In its history, the Old State House has been ravaged by three separate fires. The third and final fire burned through the building on April 13, 1921. A pedestrian passing by the Old State House noticed smoke billowing from the upper floors and alerted authorities. The fire department acted swiftly to extinguish the flames. As the Old State House served as a museum to Boston history in 1921, more than just the structure was at stake. The museum housed hundreds of irreplaceable objects. While no objects were harmed, the building was not so lucky. It suffered injury to the third floor, roof, and wooden laths at an estimated cost of $10,000. Water devastation to interior walls and the ceiling exacerbated problems.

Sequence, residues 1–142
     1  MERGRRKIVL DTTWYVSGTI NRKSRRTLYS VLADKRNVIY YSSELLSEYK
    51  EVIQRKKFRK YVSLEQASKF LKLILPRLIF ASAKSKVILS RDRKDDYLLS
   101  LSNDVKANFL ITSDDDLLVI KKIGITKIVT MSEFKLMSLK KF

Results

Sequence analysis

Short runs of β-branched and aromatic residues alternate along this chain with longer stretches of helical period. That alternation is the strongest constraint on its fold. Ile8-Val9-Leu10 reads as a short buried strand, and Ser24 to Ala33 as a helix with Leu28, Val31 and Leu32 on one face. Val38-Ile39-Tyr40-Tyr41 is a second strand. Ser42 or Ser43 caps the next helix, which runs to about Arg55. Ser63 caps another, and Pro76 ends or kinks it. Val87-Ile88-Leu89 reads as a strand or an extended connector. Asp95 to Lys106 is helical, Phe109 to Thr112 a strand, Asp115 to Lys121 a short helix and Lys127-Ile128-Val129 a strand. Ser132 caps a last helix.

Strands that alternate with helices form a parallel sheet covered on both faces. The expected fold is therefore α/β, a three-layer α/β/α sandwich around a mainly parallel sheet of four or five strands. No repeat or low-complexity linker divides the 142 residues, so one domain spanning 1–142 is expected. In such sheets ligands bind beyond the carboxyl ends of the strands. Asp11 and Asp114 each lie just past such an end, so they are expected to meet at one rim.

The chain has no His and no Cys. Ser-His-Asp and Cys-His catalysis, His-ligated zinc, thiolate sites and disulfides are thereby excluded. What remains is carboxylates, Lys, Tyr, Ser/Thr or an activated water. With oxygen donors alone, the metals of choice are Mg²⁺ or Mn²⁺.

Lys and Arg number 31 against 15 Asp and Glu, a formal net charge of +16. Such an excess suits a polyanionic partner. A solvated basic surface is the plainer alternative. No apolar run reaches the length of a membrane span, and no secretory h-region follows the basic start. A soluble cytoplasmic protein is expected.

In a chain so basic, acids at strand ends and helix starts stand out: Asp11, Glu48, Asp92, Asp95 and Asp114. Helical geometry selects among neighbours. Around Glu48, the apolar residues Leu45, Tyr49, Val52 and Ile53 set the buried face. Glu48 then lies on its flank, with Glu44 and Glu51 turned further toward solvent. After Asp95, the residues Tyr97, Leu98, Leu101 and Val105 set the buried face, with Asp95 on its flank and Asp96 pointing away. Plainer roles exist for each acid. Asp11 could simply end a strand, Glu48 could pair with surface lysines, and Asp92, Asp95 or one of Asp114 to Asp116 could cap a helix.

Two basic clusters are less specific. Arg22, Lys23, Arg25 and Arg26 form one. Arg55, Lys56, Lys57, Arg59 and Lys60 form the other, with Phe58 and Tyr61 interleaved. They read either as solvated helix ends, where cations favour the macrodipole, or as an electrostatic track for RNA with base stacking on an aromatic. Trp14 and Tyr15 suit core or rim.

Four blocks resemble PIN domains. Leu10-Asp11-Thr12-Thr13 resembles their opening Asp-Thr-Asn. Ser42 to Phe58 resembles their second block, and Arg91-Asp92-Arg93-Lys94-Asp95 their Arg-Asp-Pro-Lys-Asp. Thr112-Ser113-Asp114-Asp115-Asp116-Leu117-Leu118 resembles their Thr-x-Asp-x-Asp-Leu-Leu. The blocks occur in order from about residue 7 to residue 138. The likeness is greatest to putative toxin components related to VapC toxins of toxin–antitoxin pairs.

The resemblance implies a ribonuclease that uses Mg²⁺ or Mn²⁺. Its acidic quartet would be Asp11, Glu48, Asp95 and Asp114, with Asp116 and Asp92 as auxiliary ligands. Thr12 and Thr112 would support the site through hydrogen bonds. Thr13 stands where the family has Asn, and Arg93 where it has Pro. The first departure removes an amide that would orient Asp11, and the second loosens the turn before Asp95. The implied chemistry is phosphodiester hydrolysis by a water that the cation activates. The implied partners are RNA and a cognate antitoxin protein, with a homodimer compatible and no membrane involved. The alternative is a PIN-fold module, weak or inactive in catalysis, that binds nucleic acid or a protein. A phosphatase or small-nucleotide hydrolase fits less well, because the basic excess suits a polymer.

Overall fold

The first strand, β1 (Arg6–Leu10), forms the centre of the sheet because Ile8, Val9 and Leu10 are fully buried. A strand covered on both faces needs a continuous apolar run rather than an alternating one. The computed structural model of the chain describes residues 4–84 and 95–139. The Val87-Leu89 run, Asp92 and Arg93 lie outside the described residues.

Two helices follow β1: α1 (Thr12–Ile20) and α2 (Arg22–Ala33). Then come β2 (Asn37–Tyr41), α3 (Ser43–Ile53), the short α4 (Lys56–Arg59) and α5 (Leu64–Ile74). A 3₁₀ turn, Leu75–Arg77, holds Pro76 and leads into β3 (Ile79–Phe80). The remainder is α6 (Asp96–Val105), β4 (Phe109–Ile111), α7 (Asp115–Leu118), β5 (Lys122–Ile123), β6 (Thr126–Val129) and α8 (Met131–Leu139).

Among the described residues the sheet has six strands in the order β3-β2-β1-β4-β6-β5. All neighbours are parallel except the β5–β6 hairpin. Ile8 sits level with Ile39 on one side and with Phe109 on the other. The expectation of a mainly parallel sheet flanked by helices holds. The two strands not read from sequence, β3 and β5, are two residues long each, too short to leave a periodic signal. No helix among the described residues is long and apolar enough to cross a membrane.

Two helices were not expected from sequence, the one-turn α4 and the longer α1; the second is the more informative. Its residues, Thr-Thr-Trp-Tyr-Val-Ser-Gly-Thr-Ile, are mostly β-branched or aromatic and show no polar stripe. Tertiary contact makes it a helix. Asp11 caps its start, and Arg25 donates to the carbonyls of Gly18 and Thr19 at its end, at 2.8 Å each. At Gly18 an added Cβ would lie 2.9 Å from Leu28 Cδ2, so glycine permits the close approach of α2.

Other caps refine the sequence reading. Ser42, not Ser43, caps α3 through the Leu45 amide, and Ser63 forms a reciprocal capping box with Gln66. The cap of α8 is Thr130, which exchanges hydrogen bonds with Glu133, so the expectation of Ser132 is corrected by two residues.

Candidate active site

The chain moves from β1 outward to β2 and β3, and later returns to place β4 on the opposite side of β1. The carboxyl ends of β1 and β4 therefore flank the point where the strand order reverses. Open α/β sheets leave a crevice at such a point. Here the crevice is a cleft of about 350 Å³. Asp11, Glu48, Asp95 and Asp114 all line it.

In the aftermath of this third fire, the Fire Protection Department recommended that the Bostonian Society add fire protection to the building. The Society added fire stop blocks between the interior brick walls and improved housekeeping procedures. Sprinklers, however, were not installed as the water could potentially harm the priceless objects exhibited in the museum.
The Old State House has endured fires, storms, and natural disasters that could have destroyed the building entirely, but happily for the people of Boston it still stands as a testament to the rich 18th century history of Boston and the founding of the United States.
By Deirdre Kutt, Education Associate